DK: So, that would have been Operation Exodus.

JJ: I suppose that’s what it was called. Yes, yes, yes.

DK: And that was to Italy.

Ann: Yes.

JJ: A place called Parmagliano. That’s right. Yes.

DK: Yeah, yeah, OK.

JJ: Did he get a second cup?

Ann: Yes. He’s got a second cup.

DK: Very nice, thank you. So, OK.

Ann: So you’ll know the whole story of the war won’t you by the time you’ve finished.

DK: Oh yes. Definitely.

Ann: Because you’d be just a little boy weren’t you? Or you weren’t even born then.

DK: No, I wasn’t alive.

Ann: You wasn’t alive.

DK: Well, I was born in 1963 so —

Ann: Do you find it interesting?

DK: Oh yeah. Definitely.

Ann: Do you?

DK: It’s very interesting. OK, so we’ll probably wind up there. I mean, it’s probably good enough. Just one final query. How do you look back now, after seventy years, at your period in the RAF in Bomber Command? Is it something you —

JJ: I haven’t really thought of it before but, um, with satisfaction, with satisfaction, because I felt that I took part, even though it was in a minor capacity, but I took part and, er, if I hadn’t been there somebody else would have had to be there. And we did some interesting and useful jobs. It’s difficult to say how valuable they were, in retrospect, but due to the limited numbers of trips I actually made they had to be limited. But I mean you see some of these chaps, they did tours of ops, you see.

DK: Yeah.

JJ: Two or three tours of ops and they got the chop at the end sometimes, you know. Ridiculous. But, no. Finally made redundant and that was it.

DK: So, what were you doing immediately after the war then? What career did you go into? Did you stay in the RAF?

JJ: No. I was — we had two weeks leave in which we were given our civvy clothes, I think, and a Trilby hat, and [laugh] yes, and back home again and went back to where I was more or less before, you see.


JJ: At the Co-op and you just got on, but a very small cog in a big wheel, but nevertheless we were there.

DK: And just one final question. Just going back to your role as a gunner, what was your, this may seem a silly question, what was your actual role there? Is it just to keep an eye out for any problems or —

JJ: Oh yes. Attacking aircraft. You couldn’t do — you never fired at the ground or anything like that. It was to — you could fire. I’m not sure. I don’t think we could go through 360 degrees but through about, er, most of it, in a wide arc, you see. Well you could fire independently of the rear gunner and, as I’ve explained there, er, yes we could probably give directions to the pilot to say, ‘Dive left,’ or, ‘Climb right,’ or something like that, you see, ‘Climb starboard,’ so as to increase the angle at which the fighter would have to occupy to follow behind the Lanc.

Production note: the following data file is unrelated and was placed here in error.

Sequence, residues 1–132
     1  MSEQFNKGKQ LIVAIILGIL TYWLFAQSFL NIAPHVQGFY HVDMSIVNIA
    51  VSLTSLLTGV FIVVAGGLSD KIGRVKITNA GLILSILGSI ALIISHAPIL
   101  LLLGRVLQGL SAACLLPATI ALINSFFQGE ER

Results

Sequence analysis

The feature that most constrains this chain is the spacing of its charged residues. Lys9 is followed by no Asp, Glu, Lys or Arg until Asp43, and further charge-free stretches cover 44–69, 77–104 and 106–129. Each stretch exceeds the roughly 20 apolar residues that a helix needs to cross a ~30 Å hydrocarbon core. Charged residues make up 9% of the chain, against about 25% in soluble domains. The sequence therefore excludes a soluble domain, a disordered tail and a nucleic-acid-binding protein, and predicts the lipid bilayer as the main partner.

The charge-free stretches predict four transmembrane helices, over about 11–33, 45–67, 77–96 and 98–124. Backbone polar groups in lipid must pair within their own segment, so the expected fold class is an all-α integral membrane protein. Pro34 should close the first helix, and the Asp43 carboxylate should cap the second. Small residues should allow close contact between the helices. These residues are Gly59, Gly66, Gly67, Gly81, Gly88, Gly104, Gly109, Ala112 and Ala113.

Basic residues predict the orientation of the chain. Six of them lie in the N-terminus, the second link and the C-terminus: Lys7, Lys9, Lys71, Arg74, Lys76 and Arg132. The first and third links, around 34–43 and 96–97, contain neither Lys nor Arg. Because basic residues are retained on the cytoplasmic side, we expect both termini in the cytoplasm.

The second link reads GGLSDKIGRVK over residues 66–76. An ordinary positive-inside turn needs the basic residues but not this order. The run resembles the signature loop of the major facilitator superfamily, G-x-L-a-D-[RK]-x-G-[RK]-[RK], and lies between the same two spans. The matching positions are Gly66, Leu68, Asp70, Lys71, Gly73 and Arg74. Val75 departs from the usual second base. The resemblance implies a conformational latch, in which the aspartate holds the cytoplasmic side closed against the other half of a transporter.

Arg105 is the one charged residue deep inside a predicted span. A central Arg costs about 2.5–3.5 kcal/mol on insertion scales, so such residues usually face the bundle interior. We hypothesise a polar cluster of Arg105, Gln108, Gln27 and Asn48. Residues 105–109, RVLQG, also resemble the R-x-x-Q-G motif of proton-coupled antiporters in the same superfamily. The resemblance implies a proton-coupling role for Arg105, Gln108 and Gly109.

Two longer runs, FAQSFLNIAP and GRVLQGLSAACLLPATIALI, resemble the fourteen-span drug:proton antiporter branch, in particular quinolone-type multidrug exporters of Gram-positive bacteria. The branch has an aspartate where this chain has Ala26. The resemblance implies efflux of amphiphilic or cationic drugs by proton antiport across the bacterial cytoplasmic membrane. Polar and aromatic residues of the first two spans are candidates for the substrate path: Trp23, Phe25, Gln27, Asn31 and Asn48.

DK: To make it more difficult for the fighter to fire on you.

JJ: That’s right. Because they had to be in line with it. They couldn’t manoeuvre their guns.

DK: And from your two operations can you remember the flak at all coming up? The anti-aircraft fire.

JJ: Oh, you could see distant flak but we weren’t involved. We didn’t have any, as far as I remember, flak actually near our aircraft [cough] because, after all, we were a diversionary unit.

DK: Yeah.

JJ: So we were on — literally there but not on the sharp end, as it were, because that’s where they were crossing the Rhine into Germany.

DK: And what was your feelings once you’d landed back at base?

JJ: Euphoria, I suppose, and let’s go and have a pint somewhere or other, you know.

DK: So, post-war then, you’ve, you actually stayed in touch with your crew then, did you?

JJ: Well, what happened was, I kept, I kept in touch with the rear gunner. Why? I can’t remember. However, and so we spent cycling holidays together and all sorts.


JJ: Poor man was the last to go but the other people I wrote. Again, Justin’s go all this. There’s stacks of correspondence where I wrote to the, the police.

Ann: To try to trace —

JJ: Pardon?

Ann: To try and trace them all.

JJ: Yes, I wrote to the police to find out where our navigator had gone to because he’d been a policeman. And, yes. Some were more copious —

Ann: One worked in a bank. So didn’t you write to the bank?

JJ: Well, that was Bill Jones.

Ann: Yes.

DK: And what was Bill Jones? He was the —

JJ: Rear gunner.

DK: OK. Rear gunner.

JJ: But the navigator, he went to lecture at Police College eventually, yes. And, er, I’m afraid these accounts are somewhere in those records Ann.

Ann: That my son’s got.

DK: Right, OK.

JJ: You see?

Ann: Do you want them? Would you like us to find them?

DK: Sure, yes, if you could. Yeah. I’m sure the IBCC would be interested. What we can do is take a copy of them.

Ann: Yes.

DK: For the books.

JJ: Would you find it tedious to go through all of it?

DK: No. I wouldn’t [laugh].

JJ: You wouldn’t?

DK: I find it very interesting.

JJ: Sorry?

Ann: Do you?

DK: I’d find it interesting, yes. I know the IBCC will.

JJ: Well, I’ll tell you what, let’s cast the bread upon the waters Ann.

Ann: Yes.

JJ: Literally. I’ve trusted this chap with my log book, right? I’ll ask Justin to bring back a whole bundle of stuff. Right? And then give it to you. How’s that? You can take a look through it.

DK: Yes. I can look at them again later. Well, I’ll stop the recording there but thanks very much for that. It’s marvellous.



David Kavanagh, “Interview with John Joyner,” IBCC Digital Archive, accessed February 24, 2021,